As described above, since the hard Bowman membrane of the cornea of the patient's eye is already incised by the rotational operation, the stroma of the cornea can be incised without vibrating the blade 13 and the incised cross section can be made uniform. Further, since the Bowman membrane and the stroma of the cornea can be incised by the same blade, each of incision which is performed by a different method is suitably performed. The changing of a mechanism or a blade is not required and effort is saved, which can reduce the load of the surgical operator and an operation time.

After the surgical operator finishes forming the flap by incising the cornea, the surgical operator removes the base part 1 and the suction part 2 and then ablates the stroma of the cornea by a laser and restores the flap, which is the end of the surgical operation.

Although the cutting edge of the blade 13 is set vertical to the direction of travel of the linear cut in the present embodiment, the shape of the cutting edge of the blade 13a may be set slantwise with respect to the direction of travel of the straight movement. In this case, although the rotational incision is the same as in the embodiment, when the blade 13a is straight moved, since the cutting edge of the blade 13a incises the cornea of the patient's eye while it is being slid in the transverse direction with respect to the direction of travel, as described above, it can incise the cornea with a sharper cutting angle than the cutting angle of the actual cutting edge and hence it can more easily incise the cornea.

Further, although the blade is moved by the drive motor in the linear cut in the present embodiment, it can be moved manually and the rotational incision may be performed by moving the blade by the drive motor.

The foregoing description of the preferred embodiment of the invention has been presented for purposes of illustration and description. It is not intended to be exhaustive or to limit the invention to the precise form disclosed, and modifications and variations are possible in light of the above teachings or may be acquired from practice of the invention. The embodiment chosen and described in order to explain the principles of the invention and its practical application to enable one skilled in the art to utilize the invention in various embodiments and with various modifications as are suited to the particular use contemplated. It is intended that the scope of the invention be defined by the claims appended hereto, and their equivalents.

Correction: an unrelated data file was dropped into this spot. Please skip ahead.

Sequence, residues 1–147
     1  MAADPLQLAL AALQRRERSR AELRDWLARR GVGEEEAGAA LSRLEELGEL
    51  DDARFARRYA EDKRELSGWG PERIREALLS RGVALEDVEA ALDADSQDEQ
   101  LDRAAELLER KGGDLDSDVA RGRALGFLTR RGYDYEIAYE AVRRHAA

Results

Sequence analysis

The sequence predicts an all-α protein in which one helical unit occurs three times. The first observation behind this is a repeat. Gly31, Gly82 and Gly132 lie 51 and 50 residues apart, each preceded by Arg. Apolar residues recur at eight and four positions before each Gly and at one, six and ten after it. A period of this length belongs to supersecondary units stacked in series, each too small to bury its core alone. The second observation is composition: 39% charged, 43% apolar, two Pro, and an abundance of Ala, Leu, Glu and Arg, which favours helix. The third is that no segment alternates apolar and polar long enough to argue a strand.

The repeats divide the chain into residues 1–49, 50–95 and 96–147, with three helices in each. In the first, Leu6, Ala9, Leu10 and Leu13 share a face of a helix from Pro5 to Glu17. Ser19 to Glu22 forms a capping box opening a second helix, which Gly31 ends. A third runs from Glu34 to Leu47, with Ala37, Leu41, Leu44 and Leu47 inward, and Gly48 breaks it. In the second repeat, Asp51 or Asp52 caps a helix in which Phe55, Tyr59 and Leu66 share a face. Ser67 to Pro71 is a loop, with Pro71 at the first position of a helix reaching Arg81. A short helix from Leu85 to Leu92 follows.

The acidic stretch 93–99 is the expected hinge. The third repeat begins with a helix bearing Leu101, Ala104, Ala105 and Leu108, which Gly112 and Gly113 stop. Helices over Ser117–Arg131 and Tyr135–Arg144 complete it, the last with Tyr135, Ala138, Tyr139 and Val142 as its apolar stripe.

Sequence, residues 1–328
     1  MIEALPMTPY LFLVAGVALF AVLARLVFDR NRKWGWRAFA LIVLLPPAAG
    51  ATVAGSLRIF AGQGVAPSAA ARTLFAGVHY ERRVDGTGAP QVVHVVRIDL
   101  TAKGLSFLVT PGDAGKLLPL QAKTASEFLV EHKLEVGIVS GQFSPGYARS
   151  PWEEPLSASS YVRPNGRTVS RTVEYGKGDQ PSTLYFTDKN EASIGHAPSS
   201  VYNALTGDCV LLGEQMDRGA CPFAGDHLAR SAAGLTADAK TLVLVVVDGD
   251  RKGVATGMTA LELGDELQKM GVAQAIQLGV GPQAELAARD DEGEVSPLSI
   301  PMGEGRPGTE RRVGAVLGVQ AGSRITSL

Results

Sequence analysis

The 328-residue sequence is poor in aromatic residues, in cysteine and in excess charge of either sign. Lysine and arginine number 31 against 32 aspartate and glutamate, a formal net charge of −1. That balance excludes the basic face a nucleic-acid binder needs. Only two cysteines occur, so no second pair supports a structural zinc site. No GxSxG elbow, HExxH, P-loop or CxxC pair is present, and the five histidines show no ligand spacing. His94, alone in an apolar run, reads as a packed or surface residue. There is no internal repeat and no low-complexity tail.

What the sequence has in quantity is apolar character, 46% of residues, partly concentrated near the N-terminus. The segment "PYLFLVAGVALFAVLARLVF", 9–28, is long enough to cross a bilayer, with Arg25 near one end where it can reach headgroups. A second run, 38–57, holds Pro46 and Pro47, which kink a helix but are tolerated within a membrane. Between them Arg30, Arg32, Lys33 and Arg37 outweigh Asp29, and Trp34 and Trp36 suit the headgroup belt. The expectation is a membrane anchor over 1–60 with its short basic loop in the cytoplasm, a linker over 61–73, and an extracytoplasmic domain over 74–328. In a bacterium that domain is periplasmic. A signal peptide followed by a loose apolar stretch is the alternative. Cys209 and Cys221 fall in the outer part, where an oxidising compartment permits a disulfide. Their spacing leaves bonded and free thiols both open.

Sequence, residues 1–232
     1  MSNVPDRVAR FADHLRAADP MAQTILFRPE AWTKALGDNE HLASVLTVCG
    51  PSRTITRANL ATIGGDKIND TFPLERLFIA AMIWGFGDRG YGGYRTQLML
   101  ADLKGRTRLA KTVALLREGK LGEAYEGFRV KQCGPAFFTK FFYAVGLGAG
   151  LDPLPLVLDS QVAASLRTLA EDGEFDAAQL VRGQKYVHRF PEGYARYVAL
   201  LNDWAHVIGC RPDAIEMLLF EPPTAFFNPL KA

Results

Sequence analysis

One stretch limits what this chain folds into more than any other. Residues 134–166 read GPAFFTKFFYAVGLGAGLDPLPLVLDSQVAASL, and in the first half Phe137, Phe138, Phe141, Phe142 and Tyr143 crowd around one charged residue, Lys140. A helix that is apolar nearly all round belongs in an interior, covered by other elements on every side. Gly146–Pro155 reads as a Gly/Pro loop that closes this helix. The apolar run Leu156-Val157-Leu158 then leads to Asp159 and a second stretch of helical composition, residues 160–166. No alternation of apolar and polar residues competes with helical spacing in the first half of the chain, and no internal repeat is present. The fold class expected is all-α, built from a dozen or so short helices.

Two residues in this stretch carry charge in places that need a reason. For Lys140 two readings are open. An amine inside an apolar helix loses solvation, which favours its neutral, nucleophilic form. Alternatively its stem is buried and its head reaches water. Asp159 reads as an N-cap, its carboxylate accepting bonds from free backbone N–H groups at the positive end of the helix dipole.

Patent Citations
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US4903695 *Nov 30, 1988Feb 27, 1990Lri L.P.Method and apparatus for performing a keratomileusis or the like operation
US5586980 *Oct 14, 1994Dec 24, 1996Kremer; Frederic B.Microkeratome
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Referenced by
Citing PatentFiling datePublication dateApplicantTitle
US6203555Mar 2, 2000Mar 20, 2001Nidek Co., LtdCorneal surgical apparatus
US6344046Jan 4, 2001Feb 5, 2002Nidek Co., LtdCorneal surgical apparatus
US6565585 *Jun 22, 2001May 20, 2003Nidek Co., Ltd.Corneal surgical apparatus
US6610075Nov 4, 1999Aug 26, 2003Becton, Dickenson And CompanyKeratome with suspended stabilized blade, improved suction ring with applanator and guided engagement with keratome cutter head, automated translation of the cutter head, and blade insertion tool
US6623498 *Nov 20, 2000Sep 23, 2003Sis Ltd.Cutting instrument
US7056327Jul 11, 2003Jun 6, 2006Becton, Dickinson & CompanyKeratome with suspended stabilized blade, applanator and guided engagement with keratome cutter head
US7223275May 27, 2003May 29, 2007Yichieh ShiueySystem for cutting the cornea of an eye
US7901421May 24, 2004Mar 8, 2011Yichieh ShiueySystem for cutting the cornea of an eye
US8231643 *May 13, 2009Jul 31, 2012Andrew DavisUniversal limbal relaxing incision guide
US8491616Apr 2, 2009Jul 23, 2013Andrew DavisSystem and method for corneal astigmatic axis marking
WO2004105585A2May 25, 2004Dec 9, 2004Yichieh ShiueySystem for cutting the cornea of an eye
Classifications
U.S. Classification606/166
International ClassificationA61F9/013, A61F9/007
Cooperative ClassificationA61F9/013
European ClassificationA61F9/013
Legal Events
DateCodeEventDescription
Mar 16, 2012SULPSurcharge for late payment
Year of fee payment: 11
Mar 16, 2012FPAYFee payment
Year of fee payment: 12
Nov 14, 2011REMIMaintenance fee reminder mailed
Sep 7, 2007FPAYFee payment
Year of fee payment: 8
Sep 10, 2003FPAYFee payment
Year of fee payment: 4
Jul 2, 1998ASAssignment
Owner name: NIDEK CO., LTD., JAPAN
Free format text: ASSIGNMENT OF ASSIGNORS INTEREST;ASSIGNORS:AMANO, MASANORI;SUGIMURA, MASAHIRO;HAGIWARA, TAKASHI;REEL/FRAME:009322/0257;SIGNING DATES FROM 19980610 TO 19980611